Lentils should be simmered uncovered rather than boiled (this way, they will plump up nicely without splitting their skins or becoming mushy).
Salt should be added at the end when the lentils are already fully cooked in order to avoid causing them to become tough, although some find this to be an old culinary fable.
If using acids (e.g. wine or tomato paste) in the recipe, add a pinch of baking soda to help avoid toughening the lentils.
3. If making salads:
Green and brown lentils are the best type for salads because they tend to hold their shape well after cooking;
Wash and rinse the lentils prior cooking (Remember: soaking is not required!!); Cook them using a 2 :1 ratio of water or broth to lentils (e.g. 2 cups water or broth to 1 cup lentils)
The lentils should be simmered uncovered rather than boiled (this way, they will plump up nicely without splitting their skins or becoming mushy). Cooking time varies between 40 – 45 minutes if using the green or brown lentils, and between 20-30 minutes if using the yellow, red, or orange ones.
Season lentils with salt after they are cooked but are still warm so they will absorb the salt just enough to taste fully seasoned, but without becoming tough;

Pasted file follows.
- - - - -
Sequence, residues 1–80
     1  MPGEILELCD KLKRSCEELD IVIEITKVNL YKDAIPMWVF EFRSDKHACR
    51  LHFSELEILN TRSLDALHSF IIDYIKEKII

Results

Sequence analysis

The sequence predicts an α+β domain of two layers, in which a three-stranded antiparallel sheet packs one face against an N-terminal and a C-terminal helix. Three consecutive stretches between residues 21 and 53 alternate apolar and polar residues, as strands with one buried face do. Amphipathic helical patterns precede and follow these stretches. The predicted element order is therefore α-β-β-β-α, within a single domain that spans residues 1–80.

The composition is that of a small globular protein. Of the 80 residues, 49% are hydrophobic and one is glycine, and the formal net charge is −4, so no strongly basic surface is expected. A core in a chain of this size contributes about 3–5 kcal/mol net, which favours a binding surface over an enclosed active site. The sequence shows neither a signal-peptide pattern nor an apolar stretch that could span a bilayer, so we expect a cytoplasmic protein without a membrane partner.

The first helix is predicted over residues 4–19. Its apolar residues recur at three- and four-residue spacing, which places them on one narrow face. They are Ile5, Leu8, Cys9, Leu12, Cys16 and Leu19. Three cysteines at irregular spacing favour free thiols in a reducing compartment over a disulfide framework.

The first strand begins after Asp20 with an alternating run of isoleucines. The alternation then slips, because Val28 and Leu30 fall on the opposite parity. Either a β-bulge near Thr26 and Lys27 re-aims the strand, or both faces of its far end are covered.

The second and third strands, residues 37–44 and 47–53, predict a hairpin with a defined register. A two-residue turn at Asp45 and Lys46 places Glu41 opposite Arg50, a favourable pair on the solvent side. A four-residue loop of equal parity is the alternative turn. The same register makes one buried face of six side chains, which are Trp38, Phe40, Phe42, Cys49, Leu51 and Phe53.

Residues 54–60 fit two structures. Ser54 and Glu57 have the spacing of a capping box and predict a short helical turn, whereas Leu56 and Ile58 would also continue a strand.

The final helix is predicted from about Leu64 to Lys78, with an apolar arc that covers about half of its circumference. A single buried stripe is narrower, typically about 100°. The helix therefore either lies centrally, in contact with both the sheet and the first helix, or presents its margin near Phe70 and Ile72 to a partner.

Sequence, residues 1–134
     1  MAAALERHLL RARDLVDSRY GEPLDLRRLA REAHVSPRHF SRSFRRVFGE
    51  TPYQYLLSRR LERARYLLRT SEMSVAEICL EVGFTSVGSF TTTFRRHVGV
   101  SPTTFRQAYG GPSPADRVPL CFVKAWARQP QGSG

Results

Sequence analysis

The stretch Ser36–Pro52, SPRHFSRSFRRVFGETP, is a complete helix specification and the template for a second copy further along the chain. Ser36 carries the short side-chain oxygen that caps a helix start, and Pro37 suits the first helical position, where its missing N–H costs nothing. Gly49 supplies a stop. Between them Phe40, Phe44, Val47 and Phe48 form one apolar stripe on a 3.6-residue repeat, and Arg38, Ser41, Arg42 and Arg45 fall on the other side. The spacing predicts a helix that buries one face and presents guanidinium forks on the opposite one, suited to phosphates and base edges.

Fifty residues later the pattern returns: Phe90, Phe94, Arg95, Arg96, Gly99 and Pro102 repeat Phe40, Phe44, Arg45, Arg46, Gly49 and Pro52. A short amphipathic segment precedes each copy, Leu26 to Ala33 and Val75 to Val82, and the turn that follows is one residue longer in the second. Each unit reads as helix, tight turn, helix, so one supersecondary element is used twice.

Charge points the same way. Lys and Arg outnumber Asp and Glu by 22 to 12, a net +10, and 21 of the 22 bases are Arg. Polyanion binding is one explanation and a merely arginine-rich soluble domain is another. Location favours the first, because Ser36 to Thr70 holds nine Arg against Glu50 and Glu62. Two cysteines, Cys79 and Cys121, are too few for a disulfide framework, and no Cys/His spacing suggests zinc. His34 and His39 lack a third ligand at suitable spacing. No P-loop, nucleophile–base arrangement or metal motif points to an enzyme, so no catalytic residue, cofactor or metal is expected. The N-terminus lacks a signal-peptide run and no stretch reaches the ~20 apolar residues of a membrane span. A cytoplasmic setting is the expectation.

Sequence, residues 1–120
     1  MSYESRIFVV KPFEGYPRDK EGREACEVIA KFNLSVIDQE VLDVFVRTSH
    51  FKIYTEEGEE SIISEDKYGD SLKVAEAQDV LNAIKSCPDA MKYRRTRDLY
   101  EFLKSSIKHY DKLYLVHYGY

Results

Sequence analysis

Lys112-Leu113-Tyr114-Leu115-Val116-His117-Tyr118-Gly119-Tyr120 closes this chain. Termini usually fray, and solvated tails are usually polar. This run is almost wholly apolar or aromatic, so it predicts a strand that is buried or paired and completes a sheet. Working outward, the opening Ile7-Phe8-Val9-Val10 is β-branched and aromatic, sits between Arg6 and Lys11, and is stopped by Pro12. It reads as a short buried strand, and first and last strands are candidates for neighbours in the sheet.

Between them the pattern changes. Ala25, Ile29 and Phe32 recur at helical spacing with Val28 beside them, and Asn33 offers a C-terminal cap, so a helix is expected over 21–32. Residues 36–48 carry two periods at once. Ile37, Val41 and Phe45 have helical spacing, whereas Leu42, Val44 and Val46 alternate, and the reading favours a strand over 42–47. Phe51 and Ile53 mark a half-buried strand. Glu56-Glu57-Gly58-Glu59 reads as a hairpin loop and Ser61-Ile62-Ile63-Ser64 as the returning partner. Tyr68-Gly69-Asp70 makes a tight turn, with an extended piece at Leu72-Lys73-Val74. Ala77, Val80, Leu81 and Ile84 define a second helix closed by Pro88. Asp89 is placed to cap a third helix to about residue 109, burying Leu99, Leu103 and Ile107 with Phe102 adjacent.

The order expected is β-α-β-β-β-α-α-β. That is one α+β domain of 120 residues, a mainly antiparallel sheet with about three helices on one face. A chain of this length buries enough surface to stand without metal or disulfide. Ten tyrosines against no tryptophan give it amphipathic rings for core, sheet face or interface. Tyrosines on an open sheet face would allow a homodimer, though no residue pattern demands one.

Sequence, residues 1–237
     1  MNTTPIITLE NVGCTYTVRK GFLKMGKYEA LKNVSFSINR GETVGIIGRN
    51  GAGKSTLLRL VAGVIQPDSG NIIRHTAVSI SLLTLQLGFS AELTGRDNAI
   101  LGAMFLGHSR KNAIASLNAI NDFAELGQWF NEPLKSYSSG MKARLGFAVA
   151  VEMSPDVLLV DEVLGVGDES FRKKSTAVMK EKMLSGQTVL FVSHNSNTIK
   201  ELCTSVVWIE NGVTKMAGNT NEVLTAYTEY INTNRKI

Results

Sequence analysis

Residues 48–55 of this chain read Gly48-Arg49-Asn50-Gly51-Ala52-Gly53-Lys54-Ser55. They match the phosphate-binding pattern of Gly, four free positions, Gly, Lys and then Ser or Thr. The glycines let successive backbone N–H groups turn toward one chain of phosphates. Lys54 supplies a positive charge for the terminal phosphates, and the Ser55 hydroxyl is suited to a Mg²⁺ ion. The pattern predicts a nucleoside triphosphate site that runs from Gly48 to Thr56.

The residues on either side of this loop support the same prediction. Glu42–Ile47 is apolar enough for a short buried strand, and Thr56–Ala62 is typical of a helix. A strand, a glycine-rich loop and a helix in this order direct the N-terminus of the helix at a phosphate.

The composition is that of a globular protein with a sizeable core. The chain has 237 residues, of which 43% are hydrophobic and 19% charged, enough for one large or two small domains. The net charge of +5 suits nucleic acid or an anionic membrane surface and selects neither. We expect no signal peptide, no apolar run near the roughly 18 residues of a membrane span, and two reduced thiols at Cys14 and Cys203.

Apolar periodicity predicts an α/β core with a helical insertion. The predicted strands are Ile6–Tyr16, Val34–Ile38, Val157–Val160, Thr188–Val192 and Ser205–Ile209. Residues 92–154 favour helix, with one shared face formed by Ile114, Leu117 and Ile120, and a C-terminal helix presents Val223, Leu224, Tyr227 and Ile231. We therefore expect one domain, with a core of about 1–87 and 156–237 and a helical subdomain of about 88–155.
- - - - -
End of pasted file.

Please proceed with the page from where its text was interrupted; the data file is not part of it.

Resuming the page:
Acidic components such as vinegar and lemon juice should be added after the lentils are cooked, both to avoid toughening them and in order to acentuate their flavor.
Finally, please note that lentils which are 6 months or older take more time to cook and tend to shed their outer skins as they cook. You may also see tiny white flecks where the lentils have begun to sprout– while these are still fully edible and tasty for sure, the white flecks may diminish the dish’s visual appeal, so keep this fact in mind if the presentation of the dish is important.
With all that said, let us now present today’s lentil and beef soup recipe, which was prepared observing the above guidelines. Enjoy!
Lentil and Beef Soup (Sopa de Lentilha)
- 2 tablespoons olive oil
- 1 pound boneless beef chuck cut into 1-inch cubes, about 450g